Frustrated players' union boss Clint Newton has hit out at the NRL and its clubs for failing to be proactive in solving the ongoing pay dispute stalemate, as the long-running talks hit another impasse.
Initially due to be complete by last November, the game-wide collective bargaining agreement is now seven months overdue with NSW State of Origin star Cameron Murray labelling the situation "draining" and "disappointing" on Thursday.
The Rugby League Players Association were confident of having a deal sorted by the end of this month when they offered up a settlement proposal to the NRL last week.
But there are now fears that offer, which covered upward of 30 unresolved issues, has inadvertently slowed down the process.
It is believed there were several proposals included in the offer that had not previously been fully discussed.
While there was no request for additional funding, included in the offer were proposed changes to the minimum wage for the next five years, the way private health insurance is paid and the transfer system.
The NRL met with clubs on Wednesday morning to discuss the offer and while it will take until at least next week to compile feedback to the RLPA it is already clear the proposal will be rejected.
Club bosses then pulled out of a meeting with senior players set for Wednesday night, where the likes of Daly Cherry-Evans and Christian Welch had hoped to explain their position.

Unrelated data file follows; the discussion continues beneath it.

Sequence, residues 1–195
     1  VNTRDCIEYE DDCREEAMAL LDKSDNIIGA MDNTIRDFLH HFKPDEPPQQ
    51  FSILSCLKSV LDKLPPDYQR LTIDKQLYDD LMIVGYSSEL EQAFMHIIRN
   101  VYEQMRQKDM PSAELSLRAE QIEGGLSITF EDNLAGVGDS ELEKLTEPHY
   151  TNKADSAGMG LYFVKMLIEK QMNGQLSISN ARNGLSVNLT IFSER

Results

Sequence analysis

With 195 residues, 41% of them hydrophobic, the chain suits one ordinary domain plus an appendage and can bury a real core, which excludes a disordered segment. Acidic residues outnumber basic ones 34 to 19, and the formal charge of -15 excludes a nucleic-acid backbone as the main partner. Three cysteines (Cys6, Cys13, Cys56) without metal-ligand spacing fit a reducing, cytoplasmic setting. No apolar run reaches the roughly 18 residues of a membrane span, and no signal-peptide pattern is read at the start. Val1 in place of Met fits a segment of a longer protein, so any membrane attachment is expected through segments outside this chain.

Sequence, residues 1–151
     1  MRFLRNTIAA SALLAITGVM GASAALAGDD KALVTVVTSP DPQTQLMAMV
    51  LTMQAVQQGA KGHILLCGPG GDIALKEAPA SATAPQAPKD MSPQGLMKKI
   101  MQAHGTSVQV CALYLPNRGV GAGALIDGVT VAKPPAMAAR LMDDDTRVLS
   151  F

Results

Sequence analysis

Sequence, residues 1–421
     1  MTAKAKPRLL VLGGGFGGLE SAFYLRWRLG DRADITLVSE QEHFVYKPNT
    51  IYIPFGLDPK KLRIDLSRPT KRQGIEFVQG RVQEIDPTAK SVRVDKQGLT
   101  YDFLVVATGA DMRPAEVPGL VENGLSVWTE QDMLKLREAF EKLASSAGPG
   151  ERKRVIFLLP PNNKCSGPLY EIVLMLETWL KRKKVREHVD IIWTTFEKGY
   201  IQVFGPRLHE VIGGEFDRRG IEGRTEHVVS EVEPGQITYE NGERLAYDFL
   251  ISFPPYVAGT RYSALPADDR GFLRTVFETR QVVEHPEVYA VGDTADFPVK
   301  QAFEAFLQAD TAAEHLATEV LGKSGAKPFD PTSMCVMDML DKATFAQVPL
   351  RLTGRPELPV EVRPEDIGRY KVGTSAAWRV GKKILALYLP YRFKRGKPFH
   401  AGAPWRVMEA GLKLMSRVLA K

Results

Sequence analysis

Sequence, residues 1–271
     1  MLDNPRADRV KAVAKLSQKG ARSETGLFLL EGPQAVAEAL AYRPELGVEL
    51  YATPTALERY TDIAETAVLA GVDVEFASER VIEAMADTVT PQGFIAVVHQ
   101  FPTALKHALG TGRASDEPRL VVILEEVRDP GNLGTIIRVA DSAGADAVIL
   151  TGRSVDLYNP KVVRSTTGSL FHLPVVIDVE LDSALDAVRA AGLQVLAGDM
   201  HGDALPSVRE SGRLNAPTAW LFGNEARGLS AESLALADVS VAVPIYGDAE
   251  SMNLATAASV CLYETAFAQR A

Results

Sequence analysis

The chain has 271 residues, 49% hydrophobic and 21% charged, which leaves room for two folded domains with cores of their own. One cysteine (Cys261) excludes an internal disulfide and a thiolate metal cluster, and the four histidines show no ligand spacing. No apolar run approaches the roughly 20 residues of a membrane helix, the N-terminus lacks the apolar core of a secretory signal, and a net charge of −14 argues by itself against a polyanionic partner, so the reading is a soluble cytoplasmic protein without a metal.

That has frustrated the players' union who are adamant they are trying to move negotiations along and want a resolution after a 12-month extension of the previous CBA was agreed to last November.
"Slowing things down is the clubs not attending a meeting with their players Wednesday night," Newton said.
"Slowing things down is the NRL not taking up our offer of presenting our settlement proposal to their management team in person.
"If those two options were taken up, we would be closer to an agreement or problem solving.
"But we haven't met with either party despite opportunities being provided and it's been left up to interpretation to respond to our settlement proposal.
"It's up to NRL management to understand the context and detail of our settlement proposal before they take it to the ARL Commission so they can make an informed decision before accepting or rejecting it."
The NRL would not comment publicly on the negotiations on Thursday, but have long maintained they want to bring a speedy end to talks with a deal that suits both parties.
Head office also insisted clubs had not been advised to cancel their meeting with the union and they themselves were always open to meeting with RLPA officials.
The NRL has also remained adamant they are willing to compromise with the players and have done so in previous offers.
The union also believe they offered compromise in their settlement offer, namely in allowing the NRL to build a $300 million asset base before sharing above-forecast revenue with players.
"Both parties were directed by the independent negotiator to break the impasse," Newton said.
"We've tried to speed things up that have ground to a complete halt. We want peace, not another pass-the-buck episode in the capers of this CBA."